Isolationism and Neutrality BASIC DEFINITIONS Isolationism – Neutral with no trade Nation’s foreign policy calls for neither economic nor political ties with other countries Neutrality – Neutral with trade Nation’s foreign policy calls for not taking sides in any international argument, controversy, dispute, or war International trade is okay, so long as it does not involve picking sides in a dispute
Historical Antecedents George Washington Proclamation of Neutrality, 1793 No U.S. involvement or aid in the French Revolution Farewell Address, 1796 U.S. should avoid “entangling alliances” James Monroe Monroe Doctrine, 1823 U.S. would leave Europe alone, and Europe should leave the Western Hemisphere alone
World War I United States entered the war reluctantly United States did not enter the war until 1917 Many Americans regretted entering the war Dalton Trumbo’s Johnny Got His Gun Anti-war novel about a WWI soldier who lost his limbs and face, and could communicate only through Morse code by moving his head Published in 1939 – popular and praised by critics United States did not join the League of Nations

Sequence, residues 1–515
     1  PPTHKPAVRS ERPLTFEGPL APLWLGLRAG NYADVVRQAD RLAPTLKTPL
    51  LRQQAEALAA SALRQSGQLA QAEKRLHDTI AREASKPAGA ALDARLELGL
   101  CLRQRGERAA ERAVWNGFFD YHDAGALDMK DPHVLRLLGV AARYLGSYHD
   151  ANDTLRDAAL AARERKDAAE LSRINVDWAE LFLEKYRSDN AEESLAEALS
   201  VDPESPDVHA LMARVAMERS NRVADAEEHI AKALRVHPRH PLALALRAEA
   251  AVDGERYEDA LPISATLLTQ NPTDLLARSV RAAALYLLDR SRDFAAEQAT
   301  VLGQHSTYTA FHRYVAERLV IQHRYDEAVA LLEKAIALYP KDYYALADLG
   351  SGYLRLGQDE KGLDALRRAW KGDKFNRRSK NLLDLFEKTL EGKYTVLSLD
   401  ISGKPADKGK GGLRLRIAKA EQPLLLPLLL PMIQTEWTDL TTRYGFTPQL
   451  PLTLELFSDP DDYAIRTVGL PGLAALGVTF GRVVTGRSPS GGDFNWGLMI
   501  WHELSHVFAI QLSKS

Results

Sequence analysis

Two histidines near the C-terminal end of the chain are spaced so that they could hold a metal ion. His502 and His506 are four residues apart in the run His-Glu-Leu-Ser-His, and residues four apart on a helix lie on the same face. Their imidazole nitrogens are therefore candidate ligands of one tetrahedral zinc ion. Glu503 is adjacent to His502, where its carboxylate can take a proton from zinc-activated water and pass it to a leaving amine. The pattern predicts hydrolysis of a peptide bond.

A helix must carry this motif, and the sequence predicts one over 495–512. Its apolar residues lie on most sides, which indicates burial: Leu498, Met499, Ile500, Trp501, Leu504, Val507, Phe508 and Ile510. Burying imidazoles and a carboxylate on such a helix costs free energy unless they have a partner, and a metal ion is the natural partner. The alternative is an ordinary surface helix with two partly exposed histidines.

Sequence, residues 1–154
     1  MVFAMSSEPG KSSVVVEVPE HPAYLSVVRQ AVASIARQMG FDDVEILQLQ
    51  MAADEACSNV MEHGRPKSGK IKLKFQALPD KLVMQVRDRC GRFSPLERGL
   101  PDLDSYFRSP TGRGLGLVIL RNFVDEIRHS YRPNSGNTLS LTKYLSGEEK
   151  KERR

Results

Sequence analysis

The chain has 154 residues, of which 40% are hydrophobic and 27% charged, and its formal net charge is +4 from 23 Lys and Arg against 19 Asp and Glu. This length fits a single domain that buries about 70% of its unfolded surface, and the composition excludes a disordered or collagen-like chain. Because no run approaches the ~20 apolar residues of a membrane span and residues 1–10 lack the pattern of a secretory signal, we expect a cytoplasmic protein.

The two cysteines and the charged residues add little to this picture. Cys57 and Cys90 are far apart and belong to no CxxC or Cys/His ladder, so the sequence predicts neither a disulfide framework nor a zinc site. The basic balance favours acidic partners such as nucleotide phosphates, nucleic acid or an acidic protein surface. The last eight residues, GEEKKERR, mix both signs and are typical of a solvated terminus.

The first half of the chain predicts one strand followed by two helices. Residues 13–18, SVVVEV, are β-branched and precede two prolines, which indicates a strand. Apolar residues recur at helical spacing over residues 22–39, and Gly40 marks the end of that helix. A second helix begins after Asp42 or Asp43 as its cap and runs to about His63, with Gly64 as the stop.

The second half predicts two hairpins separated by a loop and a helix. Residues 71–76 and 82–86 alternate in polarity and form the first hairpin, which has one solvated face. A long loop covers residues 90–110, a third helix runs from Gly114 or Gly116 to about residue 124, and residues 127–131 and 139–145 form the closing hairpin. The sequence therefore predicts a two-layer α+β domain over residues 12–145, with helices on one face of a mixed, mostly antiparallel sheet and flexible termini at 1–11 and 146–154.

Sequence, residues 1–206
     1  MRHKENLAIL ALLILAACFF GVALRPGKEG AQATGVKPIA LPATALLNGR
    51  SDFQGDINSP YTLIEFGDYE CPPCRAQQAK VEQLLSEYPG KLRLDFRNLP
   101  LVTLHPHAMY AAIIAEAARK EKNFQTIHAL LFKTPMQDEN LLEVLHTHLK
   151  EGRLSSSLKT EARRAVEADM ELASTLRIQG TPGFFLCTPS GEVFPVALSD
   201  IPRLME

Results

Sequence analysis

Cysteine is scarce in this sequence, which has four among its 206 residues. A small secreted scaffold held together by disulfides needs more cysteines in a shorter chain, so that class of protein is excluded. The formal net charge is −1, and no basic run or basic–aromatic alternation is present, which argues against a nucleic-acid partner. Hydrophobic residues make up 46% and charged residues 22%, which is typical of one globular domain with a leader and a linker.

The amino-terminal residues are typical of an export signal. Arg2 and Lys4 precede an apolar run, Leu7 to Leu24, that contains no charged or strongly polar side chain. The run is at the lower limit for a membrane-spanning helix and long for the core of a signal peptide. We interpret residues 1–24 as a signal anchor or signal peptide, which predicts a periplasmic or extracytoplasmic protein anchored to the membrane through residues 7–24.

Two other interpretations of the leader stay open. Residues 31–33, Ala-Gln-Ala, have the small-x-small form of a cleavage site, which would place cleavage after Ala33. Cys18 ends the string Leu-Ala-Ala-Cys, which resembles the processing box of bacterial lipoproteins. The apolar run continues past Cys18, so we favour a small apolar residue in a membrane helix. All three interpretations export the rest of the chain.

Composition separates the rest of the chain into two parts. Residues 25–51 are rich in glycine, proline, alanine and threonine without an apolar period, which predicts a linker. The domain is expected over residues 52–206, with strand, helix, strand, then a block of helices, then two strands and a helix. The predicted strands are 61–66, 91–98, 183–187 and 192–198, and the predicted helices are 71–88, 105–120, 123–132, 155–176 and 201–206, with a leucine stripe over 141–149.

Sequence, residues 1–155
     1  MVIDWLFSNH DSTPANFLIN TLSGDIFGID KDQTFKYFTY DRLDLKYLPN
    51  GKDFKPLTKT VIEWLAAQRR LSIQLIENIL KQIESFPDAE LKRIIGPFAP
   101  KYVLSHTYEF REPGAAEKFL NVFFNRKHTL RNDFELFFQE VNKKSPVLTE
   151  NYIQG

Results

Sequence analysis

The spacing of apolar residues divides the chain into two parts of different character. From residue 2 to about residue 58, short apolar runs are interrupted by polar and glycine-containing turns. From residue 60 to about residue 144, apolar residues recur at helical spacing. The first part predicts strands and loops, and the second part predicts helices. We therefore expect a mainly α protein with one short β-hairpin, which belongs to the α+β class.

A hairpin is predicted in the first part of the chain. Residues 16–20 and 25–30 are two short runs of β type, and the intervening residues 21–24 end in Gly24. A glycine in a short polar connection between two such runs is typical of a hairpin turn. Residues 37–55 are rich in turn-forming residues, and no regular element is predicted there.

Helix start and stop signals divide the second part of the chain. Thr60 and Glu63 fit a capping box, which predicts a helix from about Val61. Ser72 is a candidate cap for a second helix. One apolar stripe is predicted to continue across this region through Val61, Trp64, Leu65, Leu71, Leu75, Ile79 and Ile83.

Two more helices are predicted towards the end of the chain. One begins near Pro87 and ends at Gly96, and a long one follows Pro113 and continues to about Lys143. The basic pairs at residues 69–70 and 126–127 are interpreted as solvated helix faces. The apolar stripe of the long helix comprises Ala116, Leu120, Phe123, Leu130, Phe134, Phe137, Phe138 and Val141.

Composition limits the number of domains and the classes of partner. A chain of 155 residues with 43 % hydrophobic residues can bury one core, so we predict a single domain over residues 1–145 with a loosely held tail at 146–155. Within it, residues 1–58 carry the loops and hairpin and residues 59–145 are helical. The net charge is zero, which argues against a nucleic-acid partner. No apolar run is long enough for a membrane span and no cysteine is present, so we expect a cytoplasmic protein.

U.S. Foreign Policy during the Great Depression of the 1930s 1934 Federal investigation led by Senator Gerald Nye Question: Why did the U.S. enter World War I? Answer: Armament manufacturers and financiers wanted to earn profits. Conclusion: The U.S. should avoid foreign wars. 1935, 1936, 1937 Senate forbade U.S. membership in the World Court (1935) Neutrality Acts (1935, 1936, 1937) permitted only “cash and carry” sales, with no loans or weapons sales, to nations at war 1937 Japanese invaded China FDR’s quarantine speech – aggressor nations were the world’s disease
Review Questions What is the difference between isolationism and neutrality? How did George Washington and James Monroe shape early United States foreign policy? How did Americans of the 1930s feel about World War I? How did the United States act to remain neutral during the 1930s?